By Rakesh Upadhyay
Ship tracking data from Bloomberg shows that 83 supertankers carrying around 166 million barrels of oil are headed to China, which has stockpiled an impressive 787,000 barrels a day in the first quarter of 2016—the highest stockpiling rate since 2014.
While the world was speculating about oil prices plunging to $20 and $10 per barrel, China was busy stockpiling its reserves.
Back in January 2015, Reuters had reported that China planned to increase its strategic petroleum reserves (SPR) from 30 days to 90 days. In January 2016, it was revealed that China was building underground storage to complement its above-ground storage tanks.
The Chinese urgency points to two things. China believes that crude oil prices will not remain at the current levels for long, and that a disruption is possible due to geopolitical reasons, which can propel oil prices higher.
As a net importer of crude, it is protecting itself against a black swan event and using the current low prices to fill its tanks. The filled up tanks will ensure a steady supply of crude for at least three months in case of a disruption.
Does the record buying spree by the Chinese indicate a bottom in crude oil prices?
That is difficult to conclude, but it does put a floor beneath the current lows, because in all likelihood, China will resume its record buying and top up its SPR if prices tank.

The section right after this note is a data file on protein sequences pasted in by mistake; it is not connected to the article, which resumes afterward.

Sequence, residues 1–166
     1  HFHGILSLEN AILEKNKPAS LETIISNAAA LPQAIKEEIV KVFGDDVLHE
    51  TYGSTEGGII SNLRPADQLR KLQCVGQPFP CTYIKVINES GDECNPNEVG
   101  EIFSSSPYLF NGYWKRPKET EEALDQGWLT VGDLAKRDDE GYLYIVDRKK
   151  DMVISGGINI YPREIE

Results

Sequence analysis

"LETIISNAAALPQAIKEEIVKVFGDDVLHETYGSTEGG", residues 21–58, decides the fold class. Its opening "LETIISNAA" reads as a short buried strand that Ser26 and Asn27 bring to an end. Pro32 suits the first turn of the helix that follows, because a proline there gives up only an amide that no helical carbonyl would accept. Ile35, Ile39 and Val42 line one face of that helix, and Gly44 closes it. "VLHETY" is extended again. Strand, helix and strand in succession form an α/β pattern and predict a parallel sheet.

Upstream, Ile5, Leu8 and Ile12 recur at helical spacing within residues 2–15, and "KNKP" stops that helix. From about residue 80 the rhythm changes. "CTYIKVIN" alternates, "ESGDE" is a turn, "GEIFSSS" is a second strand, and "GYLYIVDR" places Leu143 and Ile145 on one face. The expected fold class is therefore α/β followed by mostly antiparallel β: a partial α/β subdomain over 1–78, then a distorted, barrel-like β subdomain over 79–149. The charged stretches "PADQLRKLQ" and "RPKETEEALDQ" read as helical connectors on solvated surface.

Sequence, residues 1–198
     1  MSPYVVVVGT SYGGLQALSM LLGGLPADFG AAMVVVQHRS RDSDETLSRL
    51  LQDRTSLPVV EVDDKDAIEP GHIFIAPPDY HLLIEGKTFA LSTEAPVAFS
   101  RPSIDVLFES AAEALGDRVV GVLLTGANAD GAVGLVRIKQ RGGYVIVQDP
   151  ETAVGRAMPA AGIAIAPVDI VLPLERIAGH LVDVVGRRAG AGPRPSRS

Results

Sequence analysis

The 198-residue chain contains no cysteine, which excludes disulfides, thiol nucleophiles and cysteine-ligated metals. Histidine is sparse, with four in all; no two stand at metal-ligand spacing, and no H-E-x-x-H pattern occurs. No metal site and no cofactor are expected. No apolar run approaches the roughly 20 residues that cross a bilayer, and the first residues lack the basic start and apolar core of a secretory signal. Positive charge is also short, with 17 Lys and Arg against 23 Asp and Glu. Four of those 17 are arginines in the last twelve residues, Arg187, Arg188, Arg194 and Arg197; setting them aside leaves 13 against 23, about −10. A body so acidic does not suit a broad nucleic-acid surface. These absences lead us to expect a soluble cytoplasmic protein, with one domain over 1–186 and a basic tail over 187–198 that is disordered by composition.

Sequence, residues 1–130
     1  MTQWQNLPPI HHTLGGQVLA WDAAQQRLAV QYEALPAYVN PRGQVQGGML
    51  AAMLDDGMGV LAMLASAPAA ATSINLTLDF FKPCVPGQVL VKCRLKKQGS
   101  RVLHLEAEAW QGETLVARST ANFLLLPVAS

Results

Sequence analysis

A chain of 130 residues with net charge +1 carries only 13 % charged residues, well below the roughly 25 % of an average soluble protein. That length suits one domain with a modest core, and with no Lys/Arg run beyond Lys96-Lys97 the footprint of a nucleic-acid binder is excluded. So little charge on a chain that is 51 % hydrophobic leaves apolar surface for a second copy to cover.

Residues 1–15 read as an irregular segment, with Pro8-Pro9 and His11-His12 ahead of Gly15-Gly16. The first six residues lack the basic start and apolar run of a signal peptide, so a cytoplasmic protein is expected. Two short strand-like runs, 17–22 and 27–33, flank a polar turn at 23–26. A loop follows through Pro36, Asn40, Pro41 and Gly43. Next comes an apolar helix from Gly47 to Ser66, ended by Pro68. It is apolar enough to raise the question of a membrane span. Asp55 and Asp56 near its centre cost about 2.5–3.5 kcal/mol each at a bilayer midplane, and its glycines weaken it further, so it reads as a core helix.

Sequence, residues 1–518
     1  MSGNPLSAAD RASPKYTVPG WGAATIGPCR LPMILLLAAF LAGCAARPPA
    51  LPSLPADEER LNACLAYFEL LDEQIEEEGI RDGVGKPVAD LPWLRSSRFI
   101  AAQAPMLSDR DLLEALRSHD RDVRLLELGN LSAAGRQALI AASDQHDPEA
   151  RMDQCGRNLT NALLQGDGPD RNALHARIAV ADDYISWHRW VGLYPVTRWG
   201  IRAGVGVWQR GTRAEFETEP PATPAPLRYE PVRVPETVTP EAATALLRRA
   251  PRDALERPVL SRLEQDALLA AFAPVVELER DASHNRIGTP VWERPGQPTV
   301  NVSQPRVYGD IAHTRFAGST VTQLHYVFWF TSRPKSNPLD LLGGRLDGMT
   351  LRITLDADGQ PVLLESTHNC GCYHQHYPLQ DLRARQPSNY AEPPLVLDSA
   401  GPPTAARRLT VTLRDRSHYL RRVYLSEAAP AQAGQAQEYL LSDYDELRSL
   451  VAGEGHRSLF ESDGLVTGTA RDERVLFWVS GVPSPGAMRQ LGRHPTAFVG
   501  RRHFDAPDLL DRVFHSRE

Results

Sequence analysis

The total Chinese imports in March via the very large crude carriers was 7.7 million barrels a day. Other than the supertankers, China also imports oil through pipelines and small tankers.
The Chinese demand doesn’t show a huge uptick corresponding to the rise in imports. JP Morgan estimates that in March, the total demand for oil in China was 10.3 million b/d, down 2.5 percent over the previous year and down 2.3 percent month on month, whereas the chart shows that imports are higher compared to the same period last year.
Crude oil prices have been on an upswing this month. The import data coming out of China for April will give a clue as to whether the Chinese demand remains intact at higher crude prices or the imports drop when prices rise.
If the demand drops following a rise in prices, we can assume that China doesn’t believe that the price rally will be sustained. At lower levels, Chinese buying might become a factor in deciding the bottom, as their increased imports will reduce the glut.
Similar to Saudi Arabia, which is a swing producer, China is acting like a swing consumer. However, as China doesn’t report its storage data, it is difficult to estimate how long this trend will continue.
Though other factors were involved in encouraging the bulls to buy at lower levels, the increased demand from China also helped in lapping up the excess production. If their imports drop, the world will return to the supply glut and oil prices will retrace back to the lower $30 s/b.